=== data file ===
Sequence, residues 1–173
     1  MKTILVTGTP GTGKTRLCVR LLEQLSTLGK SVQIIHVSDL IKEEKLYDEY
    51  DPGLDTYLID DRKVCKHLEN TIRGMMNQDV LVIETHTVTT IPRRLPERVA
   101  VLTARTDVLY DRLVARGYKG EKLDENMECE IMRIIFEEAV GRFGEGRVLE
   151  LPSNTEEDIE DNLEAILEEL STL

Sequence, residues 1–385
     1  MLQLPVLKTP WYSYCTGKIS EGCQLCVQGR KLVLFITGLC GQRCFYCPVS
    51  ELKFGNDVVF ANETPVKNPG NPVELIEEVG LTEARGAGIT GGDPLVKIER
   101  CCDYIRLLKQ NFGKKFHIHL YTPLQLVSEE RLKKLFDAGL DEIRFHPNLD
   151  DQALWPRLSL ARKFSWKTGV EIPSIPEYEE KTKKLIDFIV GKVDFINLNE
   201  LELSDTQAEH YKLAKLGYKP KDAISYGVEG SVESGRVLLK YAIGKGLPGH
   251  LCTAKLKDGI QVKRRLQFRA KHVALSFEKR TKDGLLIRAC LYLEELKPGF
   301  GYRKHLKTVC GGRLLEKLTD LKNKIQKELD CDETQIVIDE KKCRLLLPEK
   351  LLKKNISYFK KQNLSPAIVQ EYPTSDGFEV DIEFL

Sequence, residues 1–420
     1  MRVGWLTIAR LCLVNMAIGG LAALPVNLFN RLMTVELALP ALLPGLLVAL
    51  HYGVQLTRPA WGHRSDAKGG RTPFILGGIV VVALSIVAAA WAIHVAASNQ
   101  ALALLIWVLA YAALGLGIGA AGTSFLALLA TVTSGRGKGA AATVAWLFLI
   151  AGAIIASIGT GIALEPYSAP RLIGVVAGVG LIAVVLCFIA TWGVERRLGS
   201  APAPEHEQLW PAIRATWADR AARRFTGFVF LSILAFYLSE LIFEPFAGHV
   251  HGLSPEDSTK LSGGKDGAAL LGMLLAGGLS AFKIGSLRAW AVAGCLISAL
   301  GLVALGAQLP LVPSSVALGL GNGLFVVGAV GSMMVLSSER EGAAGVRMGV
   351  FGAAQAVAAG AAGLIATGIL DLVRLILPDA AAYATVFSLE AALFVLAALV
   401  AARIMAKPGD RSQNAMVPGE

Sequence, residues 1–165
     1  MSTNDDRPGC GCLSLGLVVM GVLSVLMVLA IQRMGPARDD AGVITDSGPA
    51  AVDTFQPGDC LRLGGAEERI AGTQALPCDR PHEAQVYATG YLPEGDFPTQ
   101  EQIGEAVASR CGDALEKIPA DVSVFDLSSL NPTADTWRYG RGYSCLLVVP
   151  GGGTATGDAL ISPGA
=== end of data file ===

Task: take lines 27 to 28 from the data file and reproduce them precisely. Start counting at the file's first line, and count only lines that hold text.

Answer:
    51  AVDTFQPGDC LRLGGAEERI AGTQALPCDR PHEAQVYATG YLPEGDFPTQ
   101  EQIGEAVASR CGDALEKIPA DVSVFDLSSL NPTADTWRYG RGYSCLLVVP